To follow along with the “connect the dots” metaphor, these things have been shown to be interconnected to varying degrees: the gut microbiome, allergy, addiction, leaky gut syndrome, inflammation, and autoimmune disease.
In the gastrointestinal tract, food is broken down, or digested, to make its nutrients available to the rest of the body. The microorganism H. pylori bores holes in the intestinal lining to let things pass through that shouldn’t. Hyper-permeability of the intestinal lining is also known as Leaky Gut Syndrome. As a comparison, picture the difference between mosquito netting and “chicken wire” fencing. One will keep out mosquitoes; the other will not.
The unsavory intruders are molecules of toxins, viruses, yeasts, bacteria, and undigested food. Once they hit the bloodstream, their presence summons the body’s defense troops, and the ensuing warfare generates the chronic irritation known as inflammation, and often, autoimmune disease. A person with an autoimmune disease is basically allergic to herself or himself.
One of the most ancient truths known to humankind is that poison or decomposed food, can cause a human to vomit. This expulsive reflex originates not in the stomach, but in the brain. But how does the brain know when it is appropriate to help the body preserve itself by throwing up? Childhood Obesity News has discussed the theory that the brain is informed by the gut microbiota.
Julie Daniluk is a holistic nutritionist whose knowledge exceeds the theoretical. As a world traveler, she picked up a digestive infection. Death was narrowly avoided, but the condition destroyed the lining of her gut and for a few miserable years she was in constant pain and allergic to almost everything.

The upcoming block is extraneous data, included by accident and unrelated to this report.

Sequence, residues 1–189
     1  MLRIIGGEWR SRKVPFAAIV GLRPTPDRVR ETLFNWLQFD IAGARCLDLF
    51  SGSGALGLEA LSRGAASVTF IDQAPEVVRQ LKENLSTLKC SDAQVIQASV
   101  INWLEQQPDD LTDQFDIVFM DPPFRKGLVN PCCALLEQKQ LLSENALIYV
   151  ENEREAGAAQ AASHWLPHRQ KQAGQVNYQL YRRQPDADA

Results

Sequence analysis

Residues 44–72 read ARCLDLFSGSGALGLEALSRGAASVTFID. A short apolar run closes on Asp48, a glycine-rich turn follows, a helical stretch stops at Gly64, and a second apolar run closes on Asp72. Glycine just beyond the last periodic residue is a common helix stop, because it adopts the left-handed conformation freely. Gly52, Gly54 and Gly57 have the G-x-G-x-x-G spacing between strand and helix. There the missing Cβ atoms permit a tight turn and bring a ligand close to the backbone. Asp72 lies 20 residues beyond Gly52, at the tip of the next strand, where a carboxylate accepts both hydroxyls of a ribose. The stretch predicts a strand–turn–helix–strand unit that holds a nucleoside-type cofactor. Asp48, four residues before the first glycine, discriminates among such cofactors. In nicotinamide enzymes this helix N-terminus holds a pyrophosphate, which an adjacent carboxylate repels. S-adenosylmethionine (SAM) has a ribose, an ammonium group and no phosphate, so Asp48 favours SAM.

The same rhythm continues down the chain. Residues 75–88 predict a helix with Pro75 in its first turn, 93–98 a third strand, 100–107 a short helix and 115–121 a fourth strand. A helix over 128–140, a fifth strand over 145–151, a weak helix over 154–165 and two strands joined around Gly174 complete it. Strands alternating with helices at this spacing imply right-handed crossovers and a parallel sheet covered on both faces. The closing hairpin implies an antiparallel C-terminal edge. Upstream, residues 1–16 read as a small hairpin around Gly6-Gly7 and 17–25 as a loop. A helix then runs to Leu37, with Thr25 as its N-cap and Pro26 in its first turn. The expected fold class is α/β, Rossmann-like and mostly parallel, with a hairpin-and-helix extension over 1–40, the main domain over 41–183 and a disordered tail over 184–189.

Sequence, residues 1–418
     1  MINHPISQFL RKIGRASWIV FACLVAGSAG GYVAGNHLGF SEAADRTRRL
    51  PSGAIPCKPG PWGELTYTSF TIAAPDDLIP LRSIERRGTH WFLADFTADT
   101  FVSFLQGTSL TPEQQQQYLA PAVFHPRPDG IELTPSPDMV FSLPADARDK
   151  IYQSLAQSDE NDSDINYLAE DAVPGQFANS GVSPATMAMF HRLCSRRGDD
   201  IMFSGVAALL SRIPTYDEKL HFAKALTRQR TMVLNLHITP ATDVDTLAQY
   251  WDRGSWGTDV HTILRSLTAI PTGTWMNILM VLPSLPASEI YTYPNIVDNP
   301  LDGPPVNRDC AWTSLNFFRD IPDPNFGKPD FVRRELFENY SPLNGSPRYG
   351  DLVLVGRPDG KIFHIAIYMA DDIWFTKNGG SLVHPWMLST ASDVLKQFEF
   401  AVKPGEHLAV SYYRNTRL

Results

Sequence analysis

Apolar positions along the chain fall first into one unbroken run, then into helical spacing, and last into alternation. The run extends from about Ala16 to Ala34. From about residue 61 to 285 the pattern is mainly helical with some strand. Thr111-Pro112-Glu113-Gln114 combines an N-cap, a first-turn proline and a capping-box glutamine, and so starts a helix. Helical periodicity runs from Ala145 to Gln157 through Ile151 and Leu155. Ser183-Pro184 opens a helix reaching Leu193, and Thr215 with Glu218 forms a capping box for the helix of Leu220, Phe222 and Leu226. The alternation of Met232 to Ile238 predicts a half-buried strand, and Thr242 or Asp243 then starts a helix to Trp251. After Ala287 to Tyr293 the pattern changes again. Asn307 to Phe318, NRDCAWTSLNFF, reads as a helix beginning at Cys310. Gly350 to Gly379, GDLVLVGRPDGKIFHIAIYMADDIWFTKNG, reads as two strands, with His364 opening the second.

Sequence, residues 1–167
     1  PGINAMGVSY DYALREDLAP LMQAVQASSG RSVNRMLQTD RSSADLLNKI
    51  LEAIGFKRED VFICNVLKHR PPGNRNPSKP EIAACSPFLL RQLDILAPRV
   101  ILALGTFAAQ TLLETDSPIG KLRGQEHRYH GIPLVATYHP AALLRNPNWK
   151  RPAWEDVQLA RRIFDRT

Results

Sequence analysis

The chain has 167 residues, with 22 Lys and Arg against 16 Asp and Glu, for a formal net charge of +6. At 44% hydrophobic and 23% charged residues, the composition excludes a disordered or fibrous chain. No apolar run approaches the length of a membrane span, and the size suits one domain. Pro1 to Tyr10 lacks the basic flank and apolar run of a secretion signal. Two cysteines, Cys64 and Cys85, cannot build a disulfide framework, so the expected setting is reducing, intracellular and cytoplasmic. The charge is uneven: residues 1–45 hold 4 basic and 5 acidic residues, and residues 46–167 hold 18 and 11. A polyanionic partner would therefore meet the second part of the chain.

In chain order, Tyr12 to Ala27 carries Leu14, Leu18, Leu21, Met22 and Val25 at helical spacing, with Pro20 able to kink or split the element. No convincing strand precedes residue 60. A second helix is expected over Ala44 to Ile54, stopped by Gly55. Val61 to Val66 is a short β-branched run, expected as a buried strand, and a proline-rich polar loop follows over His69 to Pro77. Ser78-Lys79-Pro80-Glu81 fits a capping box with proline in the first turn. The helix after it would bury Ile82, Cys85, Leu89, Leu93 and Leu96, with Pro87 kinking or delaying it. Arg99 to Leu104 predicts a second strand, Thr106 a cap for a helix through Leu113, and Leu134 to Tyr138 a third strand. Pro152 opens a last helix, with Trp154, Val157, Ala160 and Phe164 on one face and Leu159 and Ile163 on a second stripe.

At some point she turned things around and embarked on an intense campaign to repair the lining of her digestive system, a task that took four years. Daniluk explains:
How it works is that when you eat a food you’re allergic to, intestinal immune cells perceive this food as a harmful invader. Your body goes into attack mode. Blood flow to the intestines increases so that leukocytes (white blood cells) can fight the allergen. The intestinal tissue becomes locally inflamed with a phalanx of cellular immune system soldiers. Inflammation causes the intestinal tissue and surrounding blood vessels to become more permeable. This increases the number of leukocytes that flood the areas initially exposed to the food allergen.
The intestines have their own nervous system that communicates with the brain, and the signals go both ways. Here, in the words of John F. Cryan and Timothy G. Dinan, is an elegantly phrased illumination of the topic:
It is now increasingly being recognized that the gut — brain axis provides a bi-directional homeostatic route of communication that uses neural, hormonal and immunological routes, and that dysfunction of this axis can have pathophysiological consequences.
It is now clear that alterations in brain — gut interactions are associated with gut inflammation, chronic abdominal pain syndromes and eating disorders, and that modulation of gut — brain axis function is associated with alterations in the stress response and behavior.
Next time, more about the relationship between the microbiome and addiction.
Your responses and feedback are welcome!
Source: “The Link Between Food Allergies, Leaky Gut & Happiness,” JulieDaniluk.com, 2013
Source: “The Link Between Food Allergies, Leaky Gut & Happiness,” JulieDaniluk.com, 01/14/16
Source: “Mind-altering microorganisms: the impact of the gut microbiota on brain and behaviour,” Nature.com, October 2012
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